ard. We must realize that all chil-
dren are not uniform, he asserted,
and stop trying to repress their nat-
The child will show the teacher
when he is ready to progress to
more advanced work, Prof. Olson
FRANTISCK SOPKO -- 15 year
old Czechoslovakian boy who ar-
rived in Norfolk, Va. as a stowaway
aboard a Liberty ship has been
ordered excluded from the United
States by immigration officials1
11 -- _ _ - -.- - -. .... ....._ _ _ _ _ _ _ _ _ -
A special Christmas meeting of Le
) lISCUSS Cercle Francais will be held at 8 p.m.
. 1 . Monday in the Assembly Room of the
ehabilitation Rackham Building.
Featured on the program will be
the reading of a Christmas short
Prof. Ollie L Backus. acting man- story by Alphonse Daudet. Prof.
ger of the Speech Clinic, will dis- Charles Koella of the Romance Lan-
ss the research program in speech guages department will read the
habilitation at the monthly meet- story. Carol singing, dancing, and
g of the Graduate Study Club of refreshments will also highlight the
e Department of Speech at 4:15 program.
m. today in the West Conference
oom of the Rackham Building. IRA Social . .
Following Prof. Backus, Jane Bud-
en, Margie Nicholas, Catharine The Inter.-Racial Association
right and Elizabeth Ann Taylor, will hold a social from 8 p.m. to
aduate students in the speech de- midnight today at the Congrega-
artment, will talk on particular re- tional Church, State and William
arch projects which they are un- Streets. There will be entertain-
,, + v ,,, oap4t.,,- _and reA freschments
merit, YI.iu'slu, allu
STENOGRAPHER: Argus Incor-
porated, West William and
WANTED: Assistant cook. Experience
not necessary if capable and willing
to learn. Meals furnished, six-day
week, vacation with pay. Apply Miss
Pomlinson, University Health Ser-
YOUNG WOMAN in pre med school
desires room in private home with
small children. Parents interested
write Miss K, 216 South Ingalls,
WANTED: Ride to Chicago. Leave
on Dec. 21. Two.women veterans.
''Please call 2-6295.
DESPERATE: Soldier needs ride to
Chicago Saturday, December 22nd,
about 10:30 A.M. Must attend Jap
Language Graduation and get to
own wedding 7 hours later! Will
share expenses. Contact Cpl. Rudd,
WANTED: A ticket for the Union
formal Saturday night. Call Betty
WANTED: Ticket for Union formal
wanted desperately. Please call Pat
WANTED: Male help. Boy with no
eight or 11 o'clock classes to wash
dishes. Apply any morning. Martha
BEAUTY COUNSELOR GIFT PACK-
AGES for mother, dad, sister or
brother. $1.00 and up. Ph. 7447
or call at 923 Forest.
FOR SALE: Linguaphone language
courses (records). German and
Hebrew. Never been used. Contact
PFC Alfred Baum, 214 Hinsdale,
E. Quad. Tel. 9143 at 12 noon or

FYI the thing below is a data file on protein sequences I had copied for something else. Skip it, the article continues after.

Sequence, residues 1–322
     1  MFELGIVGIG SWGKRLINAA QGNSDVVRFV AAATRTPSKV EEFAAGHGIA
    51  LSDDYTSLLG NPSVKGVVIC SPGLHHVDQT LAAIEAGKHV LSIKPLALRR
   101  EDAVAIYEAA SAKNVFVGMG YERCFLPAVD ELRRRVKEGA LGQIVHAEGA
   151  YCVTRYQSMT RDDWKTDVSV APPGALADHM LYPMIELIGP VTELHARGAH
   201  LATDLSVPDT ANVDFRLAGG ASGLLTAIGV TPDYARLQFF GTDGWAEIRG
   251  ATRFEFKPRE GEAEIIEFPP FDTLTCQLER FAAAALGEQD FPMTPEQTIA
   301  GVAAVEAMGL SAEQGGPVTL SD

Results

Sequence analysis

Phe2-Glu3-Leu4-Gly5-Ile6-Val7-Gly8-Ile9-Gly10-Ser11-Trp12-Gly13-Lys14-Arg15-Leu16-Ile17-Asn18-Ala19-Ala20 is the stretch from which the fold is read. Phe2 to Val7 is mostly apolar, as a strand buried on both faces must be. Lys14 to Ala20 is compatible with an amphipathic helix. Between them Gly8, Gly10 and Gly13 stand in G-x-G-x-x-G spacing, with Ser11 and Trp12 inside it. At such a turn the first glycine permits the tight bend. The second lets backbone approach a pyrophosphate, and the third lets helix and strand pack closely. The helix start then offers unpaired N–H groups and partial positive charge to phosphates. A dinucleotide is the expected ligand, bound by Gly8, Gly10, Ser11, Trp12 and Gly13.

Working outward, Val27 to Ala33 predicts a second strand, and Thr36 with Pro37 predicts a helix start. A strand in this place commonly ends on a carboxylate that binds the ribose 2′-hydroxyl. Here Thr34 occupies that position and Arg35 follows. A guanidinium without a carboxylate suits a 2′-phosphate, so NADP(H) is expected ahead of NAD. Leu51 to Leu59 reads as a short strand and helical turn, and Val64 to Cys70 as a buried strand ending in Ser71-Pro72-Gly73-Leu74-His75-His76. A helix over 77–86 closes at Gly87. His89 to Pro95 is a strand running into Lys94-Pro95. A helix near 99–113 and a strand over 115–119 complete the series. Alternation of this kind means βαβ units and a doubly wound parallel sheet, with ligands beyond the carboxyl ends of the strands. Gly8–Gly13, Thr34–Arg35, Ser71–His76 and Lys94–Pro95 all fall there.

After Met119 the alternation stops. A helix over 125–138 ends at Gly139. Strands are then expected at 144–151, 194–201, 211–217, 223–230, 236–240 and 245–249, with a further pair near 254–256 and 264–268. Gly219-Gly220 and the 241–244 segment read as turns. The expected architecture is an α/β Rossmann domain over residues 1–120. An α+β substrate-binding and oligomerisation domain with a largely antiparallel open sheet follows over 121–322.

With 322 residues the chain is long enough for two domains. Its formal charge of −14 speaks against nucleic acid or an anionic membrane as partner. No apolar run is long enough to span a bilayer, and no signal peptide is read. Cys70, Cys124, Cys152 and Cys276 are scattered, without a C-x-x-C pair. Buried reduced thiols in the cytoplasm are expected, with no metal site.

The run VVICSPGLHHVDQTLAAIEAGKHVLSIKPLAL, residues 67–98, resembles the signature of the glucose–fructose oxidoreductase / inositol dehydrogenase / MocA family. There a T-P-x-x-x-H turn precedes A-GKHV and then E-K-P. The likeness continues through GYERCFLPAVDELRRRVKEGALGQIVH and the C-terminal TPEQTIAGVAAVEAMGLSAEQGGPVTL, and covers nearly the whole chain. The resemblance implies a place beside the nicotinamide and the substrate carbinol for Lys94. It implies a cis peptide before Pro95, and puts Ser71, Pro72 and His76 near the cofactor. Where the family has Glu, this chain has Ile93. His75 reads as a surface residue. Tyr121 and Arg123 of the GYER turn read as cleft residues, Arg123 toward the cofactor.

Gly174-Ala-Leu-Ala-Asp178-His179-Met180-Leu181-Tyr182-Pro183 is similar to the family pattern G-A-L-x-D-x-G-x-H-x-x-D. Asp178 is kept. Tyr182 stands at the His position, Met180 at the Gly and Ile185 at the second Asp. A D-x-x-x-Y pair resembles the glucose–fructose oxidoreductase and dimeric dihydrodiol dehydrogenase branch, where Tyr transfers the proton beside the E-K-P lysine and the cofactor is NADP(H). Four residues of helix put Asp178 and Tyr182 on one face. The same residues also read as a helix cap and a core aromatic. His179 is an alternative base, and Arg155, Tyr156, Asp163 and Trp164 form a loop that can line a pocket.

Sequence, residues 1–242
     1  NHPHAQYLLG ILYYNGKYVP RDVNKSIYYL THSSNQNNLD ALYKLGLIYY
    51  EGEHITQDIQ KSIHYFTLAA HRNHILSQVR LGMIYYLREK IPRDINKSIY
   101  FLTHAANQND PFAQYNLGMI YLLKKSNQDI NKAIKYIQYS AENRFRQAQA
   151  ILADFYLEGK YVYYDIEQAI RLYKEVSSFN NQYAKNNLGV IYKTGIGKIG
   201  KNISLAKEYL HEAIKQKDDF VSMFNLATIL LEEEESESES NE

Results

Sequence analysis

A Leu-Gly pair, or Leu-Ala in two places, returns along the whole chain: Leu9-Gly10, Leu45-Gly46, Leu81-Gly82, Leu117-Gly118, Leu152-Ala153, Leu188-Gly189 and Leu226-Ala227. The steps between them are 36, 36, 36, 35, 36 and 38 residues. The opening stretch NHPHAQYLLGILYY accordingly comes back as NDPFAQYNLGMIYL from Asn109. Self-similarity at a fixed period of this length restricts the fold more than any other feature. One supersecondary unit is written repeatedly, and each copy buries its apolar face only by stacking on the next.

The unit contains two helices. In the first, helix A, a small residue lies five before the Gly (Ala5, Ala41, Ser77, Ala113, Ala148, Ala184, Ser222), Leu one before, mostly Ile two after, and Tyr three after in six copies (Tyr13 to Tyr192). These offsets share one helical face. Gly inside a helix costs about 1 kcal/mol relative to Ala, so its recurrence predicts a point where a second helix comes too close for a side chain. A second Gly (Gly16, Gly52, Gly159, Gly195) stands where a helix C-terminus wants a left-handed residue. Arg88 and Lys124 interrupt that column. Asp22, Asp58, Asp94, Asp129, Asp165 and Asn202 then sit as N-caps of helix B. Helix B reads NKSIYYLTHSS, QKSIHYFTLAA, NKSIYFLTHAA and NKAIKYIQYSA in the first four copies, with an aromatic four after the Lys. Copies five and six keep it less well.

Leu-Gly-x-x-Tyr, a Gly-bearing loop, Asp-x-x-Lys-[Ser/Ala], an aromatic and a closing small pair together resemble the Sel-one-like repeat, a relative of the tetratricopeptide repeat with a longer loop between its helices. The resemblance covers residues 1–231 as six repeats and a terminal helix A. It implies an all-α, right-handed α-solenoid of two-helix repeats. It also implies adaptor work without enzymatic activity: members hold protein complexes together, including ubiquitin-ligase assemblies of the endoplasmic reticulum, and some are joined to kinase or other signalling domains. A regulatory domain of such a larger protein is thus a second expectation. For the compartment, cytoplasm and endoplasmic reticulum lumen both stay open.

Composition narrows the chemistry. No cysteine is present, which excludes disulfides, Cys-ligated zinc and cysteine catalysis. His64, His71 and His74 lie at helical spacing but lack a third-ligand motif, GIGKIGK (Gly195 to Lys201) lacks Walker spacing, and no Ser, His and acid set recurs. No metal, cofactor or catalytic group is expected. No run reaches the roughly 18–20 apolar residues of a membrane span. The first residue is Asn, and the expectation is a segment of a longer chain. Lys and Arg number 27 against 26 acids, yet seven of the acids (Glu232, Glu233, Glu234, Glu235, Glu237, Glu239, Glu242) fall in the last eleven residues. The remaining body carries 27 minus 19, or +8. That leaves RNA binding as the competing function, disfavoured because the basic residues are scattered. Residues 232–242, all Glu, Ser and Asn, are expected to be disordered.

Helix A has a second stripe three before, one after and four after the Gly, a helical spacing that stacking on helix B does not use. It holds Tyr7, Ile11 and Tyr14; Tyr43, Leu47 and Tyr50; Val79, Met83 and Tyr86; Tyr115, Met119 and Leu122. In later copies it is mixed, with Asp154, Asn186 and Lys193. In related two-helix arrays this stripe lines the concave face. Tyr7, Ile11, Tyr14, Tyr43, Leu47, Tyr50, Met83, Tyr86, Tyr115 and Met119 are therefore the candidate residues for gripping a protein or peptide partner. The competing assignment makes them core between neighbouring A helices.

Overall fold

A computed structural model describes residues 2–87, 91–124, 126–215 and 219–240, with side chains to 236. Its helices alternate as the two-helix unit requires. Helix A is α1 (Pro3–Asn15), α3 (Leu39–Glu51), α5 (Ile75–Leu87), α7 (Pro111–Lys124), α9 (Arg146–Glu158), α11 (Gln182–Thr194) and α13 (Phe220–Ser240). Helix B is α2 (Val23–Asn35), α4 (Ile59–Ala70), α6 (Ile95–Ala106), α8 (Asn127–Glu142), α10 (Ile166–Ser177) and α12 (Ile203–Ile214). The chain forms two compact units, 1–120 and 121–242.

TO EXCHANGE: :Four round-trip
coach reservations to New York
City for Friday 21 on the "Empire
State." Will exchange for tickets
dated December 22. Call Mrs. Joan
Mankowski 8:00 A.M.-4:30 P.M.
Tel. 4121 Exchange 748.
LOST AND FOUND
LOST: 2 wallets Sunday Dec. 9. St.
Mary's chapel. Finder keep money,
return Identification. Doris Heid-
gen, 1520 S. University.
LOST-Pair glasses, shell-rim, brown
leather case. On or near campus.
Reward. Phone 2-3246 daytime.
LOST - Silver Link Bracelet, silver
spoon pin, valuable only to me. Nita
FOUND-Parker Pen at Sheean lec-
ture. Owner may have by identify-
ing and paying for this ad. Beverly
York, Phone 3366.
LOST: Tuesday, Dec. 4 on or near
campus, valuable keys in black
morocco case. Finder please leave
at Daily office. Reward.
WILL FINDER of large black leather
purse containing birth certificate,
pictures and contract please keep
the purse and send the contents to
Miss N. Marie DeAgostino, Flat
WANTED-Pasadena trade. Home at
852 So. Oakland Ave., one mile from
Cal. Tech., one mile from downtown
Pasadena, four blocks from Los An-
geles Speedway, two blocks from
interurban, 50x150 lot, seven rooms
and two baths-to trade for Ann
Arbor home - will exchange floor
plans, etc. Box. No. xxx Michigan
MORTON: Forget Wednesday night.
All is forgiven! Martha.
ALTERATIONS: Ladies' garments.
Some work on men's wear. Velvet
collar. 410 Observatory. Ph. 2-2678.
AROUND THE CLOCK WITH WPAG
FRI., DEC. 14, 1945
8:15-Meet the Band.
9:45--Moments of Melodies.
10:05-Music for Remem-
10:15--What -Do You Know?
11:05-Al & Lee Reiser.
11:15--Lean Back & Listen.
11:30-Farm & Home Hour.
11:55-College and Martial
12:30-Along the Sports
12:45-Man On the Street.
1:10-Organ Music (Pop.)
1:15-South American Way.
2:15-Melody on Parade.
3:15-University of Mich.
3:30-Flashes from Life.
3:40-It Actually Happened.
4:15-Adventures in Christ-
mas Tree Grove.
4:30-Meet Me at Morays.
3S BUNNY and NEWS _ Sco&
Sing with PAUL TOMPKINS at the Organ
"The boss smokes Sir Walter Raleigh."